As ridiculous as some nefarious emails seem, like a long-lost relative needing to be ransomed from a far away country or offers to share in their new windfall, 90% of all data breaches still come from phishing. While you may feel confident in not falling for these types of scams, most bad actors are a LOT more sophisticated and 86% of organizations have had at least one employee click on a phishing link. You can help protect your personal and employer IT networks by looking for these red flags to avoid a data breach.
Phishing is when a bad actor sends out a message or email asking the recipient to provide some type of secure information. A response can be used in a variety of malicious activities including infiltrating IT networks to deploy ransomware attacks, collecting and selling credentials or data, or other espionage attacks. All it takes is one careless or distracted click on email to unleash a data attack in your company, so it’s critical you stay vigilant in reviewing email requests and links.
Four red flags to avoid a data breach:
- Unusual requests: Maybe you’re being asked to send a gift card or to text them with financial information. Pay particular attention to those that seem to originate from your organization. Is it a request from your manager or coworker and with language they wouldn’t normally use. Does the request align with your typical role, duties, and supervisory chain?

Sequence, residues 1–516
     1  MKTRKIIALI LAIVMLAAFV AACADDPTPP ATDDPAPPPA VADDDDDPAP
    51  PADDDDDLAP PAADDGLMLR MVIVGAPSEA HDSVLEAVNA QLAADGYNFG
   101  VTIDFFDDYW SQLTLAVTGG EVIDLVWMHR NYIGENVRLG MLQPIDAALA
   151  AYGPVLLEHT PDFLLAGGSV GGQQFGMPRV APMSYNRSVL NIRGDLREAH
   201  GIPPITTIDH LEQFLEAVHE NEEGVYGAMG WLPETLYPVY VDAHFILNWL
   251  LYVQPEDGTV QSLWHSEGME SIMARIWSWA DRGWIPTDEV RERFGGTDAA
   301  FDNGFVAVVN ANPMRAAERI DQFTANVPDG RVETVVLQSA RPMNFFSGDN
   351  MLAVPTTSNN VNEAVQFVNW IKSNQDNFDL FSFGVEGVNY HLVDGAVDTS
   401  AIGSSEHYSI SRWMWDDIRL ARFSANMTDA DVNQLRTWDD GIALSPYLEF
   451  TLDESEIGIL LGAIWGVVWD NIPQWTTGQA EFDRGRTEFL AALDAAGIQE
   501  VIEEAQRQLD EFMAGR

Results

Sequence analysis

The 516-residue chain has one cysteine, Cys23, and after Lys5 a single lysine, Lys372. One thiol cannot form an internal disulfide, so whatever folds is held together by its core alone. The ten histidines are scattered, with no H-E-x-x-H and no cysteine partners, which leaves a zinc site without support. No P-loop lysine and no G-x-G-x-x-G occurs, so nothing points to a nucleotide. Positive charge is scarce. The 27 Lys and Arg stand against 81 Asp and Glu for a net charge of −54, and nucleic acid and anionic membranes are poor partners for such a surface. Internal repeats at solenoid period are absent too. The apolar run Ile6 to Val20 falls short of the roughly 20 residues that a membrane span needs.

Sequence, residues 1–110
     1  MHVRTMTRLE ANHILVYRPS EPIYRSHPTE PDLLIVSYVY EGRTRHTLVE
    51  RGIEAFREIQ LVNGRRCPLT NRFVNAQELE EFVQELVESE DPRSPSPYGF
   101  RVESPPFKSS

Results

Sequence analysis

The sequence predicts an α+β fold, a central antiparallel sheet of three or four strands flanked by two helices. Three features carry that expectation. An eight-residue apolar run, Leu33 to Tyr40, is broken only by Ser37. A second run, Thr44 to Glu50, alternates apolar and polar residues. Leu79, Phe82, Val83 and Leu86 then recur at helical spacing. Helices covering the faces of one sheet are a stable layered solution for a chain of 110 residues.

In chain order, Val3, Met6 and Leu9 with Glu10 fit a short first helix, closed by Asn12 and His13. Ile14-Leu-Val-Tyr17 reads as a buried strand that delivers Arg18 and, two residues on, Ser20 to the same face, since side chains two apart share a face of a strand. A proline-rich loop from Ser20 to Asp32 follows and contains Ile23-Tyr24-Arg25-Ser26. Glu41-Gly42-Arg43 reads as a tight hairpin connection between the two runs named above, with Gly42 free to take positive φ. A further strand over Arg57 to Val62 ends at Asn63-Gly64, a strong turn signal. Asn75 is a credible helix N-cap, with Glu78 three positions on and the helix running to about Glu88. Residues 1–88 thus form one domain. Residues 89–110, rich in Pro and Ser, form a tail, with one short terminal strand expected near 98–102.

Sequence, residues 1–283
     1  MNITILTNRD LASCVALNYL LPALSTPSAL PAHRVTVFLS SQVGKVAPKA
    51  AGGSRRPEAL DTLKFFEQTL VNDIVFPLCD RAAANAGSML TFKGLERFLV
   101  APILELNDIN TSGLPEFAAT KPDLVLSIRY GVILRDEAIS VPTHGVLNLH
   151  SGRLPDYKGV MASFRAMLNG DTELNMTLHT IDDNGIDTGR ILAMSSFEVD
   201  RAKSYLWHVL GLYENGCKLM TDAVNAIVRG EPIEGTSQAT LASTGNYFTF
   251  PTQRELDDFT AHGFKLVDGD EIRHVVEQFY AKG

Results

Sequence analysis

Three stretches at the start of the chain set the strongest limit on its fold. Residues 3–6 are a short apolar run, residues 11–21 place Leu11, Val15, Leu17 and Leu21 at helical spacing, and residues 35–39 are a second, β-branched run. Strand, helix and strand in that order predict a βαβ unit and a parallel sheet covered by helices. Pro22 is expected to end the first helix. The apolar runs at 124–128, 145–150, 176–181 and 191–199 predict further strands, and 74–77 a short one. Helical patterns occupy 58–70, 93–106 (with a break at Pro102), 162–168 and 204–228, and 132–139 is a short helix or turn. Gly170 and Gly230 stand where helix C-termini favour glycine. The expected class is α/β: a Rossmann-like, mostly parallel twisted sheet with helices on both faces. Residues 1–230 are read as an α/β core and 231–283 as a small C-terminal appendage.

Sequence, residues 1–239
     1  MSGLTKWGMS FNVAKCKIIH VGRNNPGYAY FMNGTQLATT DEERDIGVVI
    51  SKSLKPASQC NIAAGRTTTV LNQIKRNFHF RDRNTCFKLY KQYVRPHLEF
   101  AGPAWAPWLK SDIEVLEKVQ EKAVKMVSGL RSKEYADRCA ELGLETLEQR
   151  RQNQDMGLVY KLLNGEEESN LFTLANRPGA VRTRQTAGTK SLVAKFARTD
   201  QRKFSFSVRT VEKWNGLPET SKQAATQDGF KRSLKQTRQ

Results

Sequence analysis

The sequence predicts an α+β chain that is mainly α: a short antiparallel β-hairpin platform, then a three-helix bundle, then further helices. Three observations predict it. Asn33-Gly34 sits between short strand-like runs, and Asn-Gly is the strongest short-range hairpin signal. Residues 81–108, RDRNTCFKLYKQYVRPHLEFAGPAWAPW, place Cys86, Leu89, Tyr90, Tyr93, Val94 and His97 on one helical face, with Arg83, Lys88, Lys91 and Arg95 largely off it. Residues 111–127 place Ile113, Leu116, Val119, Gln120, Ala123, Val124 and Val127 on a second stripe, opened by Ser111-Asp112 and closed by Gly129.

- Grammatical or spelling errors: Is punctuation missing? Do you see terms made plural when they should be singular and vice versa?
- Email address domain is wrong: Pay close attention to the email sender address. Is the domain of the email address an exact match to company’s known domain? (ex: @pearlsolves vs @pearl-solves)
- Urgency: You’ll notice this more in the subject line, with words like “urgent”, “immediate action”, “attention”, or “important”. These are often tied to content like “problem with your order” and come from a retailer or online pay portal. Did you order something within the last 10 minutes? If not, be very wary. Check the domain and check your bank or credit card first.
Unfortunately, you are putting yourself and your company at risk with every click, especially if you are not sure what to be on the lookout for. Checking these four red flags should go a long way toward data breach prevention, but there are many more attack methods to be aware of. Regular security awareness training is an essential part of your cybersecurity strategy and helps keep you or your staff up to date on attack methods and vigilant in prevention.